Free access

Recurrent selection has been used as a breeding method to improve traits having low heritability such as fruit yield, earliness, and fruit shape. The objective of this study was to measure the progress of recurrent selection in four slicing cucumber populations in terms of hybrid performance when crossed with a common tester. The four populations, North Carolina wide-base slicer (NCWBS), medium-base slicer (NCMBS), elite slicer 1 (NCES1), and Beit Alpha 1 (NCBA1) populations, which differed in their genetic diversity and mean performance, were developed using modified intrapopulation half-sib recurrent selection to improve fruit yield and quality. Eleven S0 families were taken randomly from each of three selection cycles (early, intermediate, and advanced) from each population. Those families were self-pollinated to form S1 families, and the S1 families were crossed to `Poinsett 76', a popular slicing cucumber cultivar. The experiment was a splitplot treatment arrangement in a randomized complete-block design with 22 replications per population, with the four populations as whole plots and the three cycles as subplots. When 10% of fruit were oversized (>60 mm in diameter), plants were sprayed with paraquat to defoliate them for once-over harvest. Plots were evaluated for total, early, and marketable yield and fruit shape. Recurrent selection for improved fruit yield and shape per se resulted in improved hybrid performance of the NCWBS and NCBA1 populations for fruit yield and shape rating when tested in the selected or nonselected environment. The NCWBS population had the largest gain (21%) in hybrid performance averaged over all traits. In addition, early yield was improved an average of 18% from early to late cycles for each population. Even though the fruit yield and shape rating of `Dasher II' was greater than the hybrid performance of each population mean for the same traits, several F1 families within each population exceeded the fruit yield of `Dasher II'.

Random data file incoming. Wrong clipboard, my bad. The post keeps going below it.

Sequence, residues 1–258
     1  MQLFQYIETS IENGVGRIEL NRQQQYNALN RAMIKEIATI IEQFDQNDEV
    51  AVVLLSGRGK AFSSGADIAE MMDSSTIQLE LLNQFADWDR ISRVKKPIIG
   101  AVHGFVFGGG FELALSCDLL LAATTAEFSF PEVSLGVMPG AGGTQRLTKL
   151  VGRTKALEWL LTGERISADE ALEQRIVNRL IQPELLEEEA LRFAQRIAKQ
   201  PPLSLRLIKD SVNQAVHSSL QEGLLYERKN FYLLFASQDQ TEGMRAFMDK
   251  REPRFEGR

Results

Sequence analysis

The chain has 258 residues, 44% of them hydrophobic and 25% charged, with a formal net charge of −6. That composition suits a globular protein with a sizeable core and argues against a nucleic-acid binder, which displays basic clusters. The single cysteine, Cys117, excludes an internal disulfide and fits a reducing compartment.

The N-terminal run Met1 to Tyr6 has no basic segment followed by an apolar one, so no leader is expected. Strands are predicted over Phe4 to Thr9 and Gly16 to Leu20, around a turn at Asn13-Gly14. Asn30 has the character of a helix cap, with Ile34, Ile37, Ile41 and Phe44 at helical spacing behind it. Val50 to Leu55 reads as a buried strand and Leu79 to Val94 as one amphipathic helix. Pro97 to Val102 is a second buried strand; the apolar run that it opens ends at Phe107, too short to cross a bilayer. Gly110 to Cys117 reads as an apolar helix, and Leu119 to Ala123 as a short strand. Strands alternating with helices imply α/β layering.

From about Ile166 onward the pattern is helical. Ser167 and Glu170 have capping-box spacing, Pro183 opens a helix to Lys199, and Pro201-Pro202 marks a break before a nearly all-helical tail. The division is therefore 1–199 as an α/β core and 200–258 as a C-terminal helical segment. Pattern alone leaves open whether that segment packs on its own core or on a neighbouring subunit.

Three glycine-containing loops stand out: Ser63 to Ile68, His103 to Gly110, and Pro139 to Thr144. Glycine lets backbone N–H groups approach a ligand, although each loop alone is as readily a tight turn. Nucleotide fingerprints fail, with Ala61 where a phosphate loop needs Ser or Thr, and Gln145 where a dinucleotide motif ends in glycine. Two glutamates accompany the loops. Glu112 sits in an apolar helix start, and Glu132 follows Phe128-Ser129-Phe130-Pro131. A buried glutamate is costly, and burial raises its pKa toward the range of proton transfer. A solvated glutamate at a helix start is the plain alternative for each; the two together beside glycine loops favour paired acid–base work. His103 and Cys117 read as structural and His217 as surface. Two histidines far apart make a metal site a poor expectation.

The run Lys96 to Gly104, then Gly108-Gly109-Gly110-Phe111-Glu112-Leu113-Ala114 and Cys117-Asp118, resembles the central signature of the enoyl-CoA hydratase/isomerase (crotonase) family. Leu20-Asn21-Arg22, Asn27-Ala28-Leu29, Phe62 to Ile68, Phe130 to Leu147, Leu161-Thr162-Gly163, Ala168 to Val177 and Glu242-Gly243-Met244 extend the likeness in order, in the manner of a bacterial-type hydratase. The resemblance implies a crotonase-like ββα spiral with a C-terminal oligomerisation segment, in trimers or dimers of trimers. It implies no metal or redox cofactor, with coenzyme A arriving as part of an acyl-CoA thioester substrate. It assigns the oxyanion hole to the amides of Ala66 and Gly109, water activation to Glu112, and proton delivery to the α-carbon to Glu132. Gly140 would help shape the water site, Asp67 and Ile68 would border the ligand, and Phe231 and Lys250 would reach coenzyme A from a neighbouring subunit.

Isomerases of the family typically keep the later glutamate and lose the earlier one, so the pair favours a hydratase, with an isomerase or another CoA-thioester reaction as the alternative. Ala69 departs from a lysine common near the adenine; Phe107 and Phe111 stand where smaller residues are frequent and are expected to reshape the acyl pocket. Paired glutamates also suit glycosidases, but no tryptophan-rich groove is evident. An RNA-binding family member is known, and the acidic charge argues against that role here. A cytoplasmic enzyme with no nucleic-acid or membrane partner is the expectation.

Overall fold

Free access

Yield data for the major cucurbit crops in the United States have been collected and summarized. Yield trends are presented for cucumber (Cucumis sativus; processing and fresh-market), melon (Cucumis melo; muskmelon and honeydew), and watermelon (Citrullus lanatus) for the period 1951–2005. Data have been obtained from the U.S. Department of Agriculture, as originally reported by six of its units: Agricultural Marketing Service, Agricultural Research Service, Bureau of Agricultural Economics, Economic Statistics Service, National Agricultural Statistics Service, and Statistical Reporting Service. For all crops yields have been increasing over time, except for processing cucumber, for which yields seem to have reached a plateau by the end of the 1990s.

Full access

An experiment was conducted to determine the genetics of chilling resistance in cucumber (Cucumis sativus L.) inbred NC-76 that was developed from PI 246930, an accession from the U.S. Department of Agriculture germplasm collection. NC-76 was crossed with ‘Chipper’ and breeding line Gy 14 to produce F1, F1 reciprocal, F2, and BC1 generations for evaluation. Cucumber seedlings at the first true leaf stage were placed in growth chambers set at 4 °C for 7 h and a photosynthetic photon flux of 500 μmol·m−2·s−1. Segregation in the F2 fit a 3 : 1 inheritance pattern, with resistance being dominant. The backcross of the F1 to the susceptible parent produced a 1 : 1 ratio, confirming that chilling resistance was from a single gene. The single dominant gene controlling chilling resistance in NC-76 was given the symbol Ch.

Free access

A heat unit model developed in a previous study was compared to the standard method (average number of days to harvest) for ability to predict harvest date in cucumber (Cucumis sativus L.). Processing and fresh-market cucumbers were evaluated in 3 years (1984 through 1986), three seasons (spring, summer, and fall), and three North Carolina locations. The model predicted harvest date significantly better than the standard method for processing, but not for fresh-market cucumbers.

Free access